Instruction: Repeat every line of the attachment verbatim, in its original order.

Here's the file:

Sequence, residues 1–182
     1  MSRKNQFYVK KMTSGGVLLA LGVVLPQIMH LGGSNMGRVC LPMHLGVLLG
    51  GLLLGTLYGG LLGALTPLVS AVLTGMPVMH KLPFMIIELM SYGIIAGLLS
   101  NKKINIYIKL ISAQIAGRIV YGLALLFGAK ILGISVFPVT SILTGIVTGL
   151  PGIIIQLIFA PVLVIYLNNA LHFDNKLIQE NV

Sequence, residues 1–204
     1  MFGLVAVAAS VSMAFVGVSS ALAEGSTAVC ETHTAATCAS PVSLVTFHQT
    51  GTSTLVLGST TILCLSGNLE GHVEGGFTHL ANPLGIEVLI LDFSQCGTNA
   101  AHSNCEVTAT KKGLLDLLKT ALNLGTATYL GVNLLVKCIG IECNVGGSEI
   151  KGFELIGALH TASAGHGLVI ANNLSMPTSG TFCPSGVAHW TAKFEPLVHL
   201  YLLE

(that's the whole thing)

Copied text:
Sequence, residues 1–182
     1  MSRKNQFYVK KMTSGGVLLA LGVVLPQIMH LGGSNMGRVC LPMHLGVLLG
    51  GLLLGTLYGG LLGALTPLVS AVLTGMPVMH KLPFMIIELM SYGIIAGLLS
   101  NKKINIYIKL ISAQIAGRIV YGLALLFGAK ILGISVFPVT SILTGIVTGL
   151  PGIIIQLIFA PVLVIYLNNA LHFDNKLIQE NV

Sequence, residues 1–204
     1  MFGLVAVAAS VSMAFVGVSS ALAEGSTAVC ETHTAATCAS PVSLVTFHQT
    51  GTSTLVLGST TILCLSGNLE GHVEGGFTHL ANPLGIEVLI LDFSQCGTNA
   101  AHSNCEVTAT KKGLLDLLKT ALNLGTATYL GVNLLVKCIG IECNVGGSEI
   151  KGFELIGALH TASAGHGLVI ANNLSMPTSG TFCPSGVAHW TAKFEPLVHL
   201  YLLE